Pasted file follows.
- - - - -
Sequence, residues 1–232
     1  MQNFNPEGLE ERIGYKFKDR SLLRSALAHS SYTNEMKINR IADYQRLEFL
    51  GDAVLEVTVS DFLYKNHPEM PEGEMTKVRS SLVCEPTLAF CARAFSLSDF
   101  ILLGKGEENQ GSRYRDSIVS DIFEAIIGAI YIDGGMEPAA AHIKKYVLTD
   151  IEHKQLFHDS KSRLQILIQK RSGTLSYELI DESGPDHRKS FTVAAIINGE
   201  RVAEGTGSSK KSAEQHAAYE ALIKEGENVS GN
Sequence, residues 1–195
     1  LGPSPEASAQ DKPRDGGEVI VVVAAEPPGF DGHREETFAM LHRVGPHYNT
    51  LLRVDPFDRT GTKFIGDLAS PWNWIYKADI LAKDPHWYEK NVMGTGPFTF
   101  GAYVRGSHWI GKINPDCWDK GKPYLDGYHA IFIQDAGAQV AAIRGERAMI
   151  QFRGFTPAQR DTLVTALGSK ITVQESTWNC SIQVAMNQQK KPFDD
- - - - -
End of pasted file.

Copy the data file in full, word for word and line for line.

Sequence, residues 1–232
     1  MQNFNPEGLE ERIGYKFKDR SLLRSALAHS SYTNEMKINR IADYQRLEFL
    51  GDAVLEVTVS DFLYKNHPEM PEGEMTKVRS SLVCEPTLAF CARAFSLSDF
   101  ILLGKGEENQ GSRYRDSIVS DIFEAIIGAI YIDGGMEPAA AHIKKYVLTD
   151  IEHKQLFHDS KSRLQILIQK RSGTLSYELI DESGPDHRKS FTVAAIINGE
   201  RVAEGTGSSK KSAEQHAAYE ALIKEGENVS GN
Sequence, residues 1–195
     1  LGPSPEASAQ DKPRDGGEVI VVVAAEPPGF DGHREETFAM LHRVGPHYNT
    51  LLRVDPFDRT GTKFIGDLAS PWNWIYKADI LAKDPHWYEK NVMGTGPFTF
   101  GAYVRGSHWI GKINPDCWDK GKPYLDGYHA IFIQDAGAQV AAIRGERAMI
   151  QFRGFTPAQR DTLVTALGSK ITVQESTWNC SIQVAMNQQK KPFDD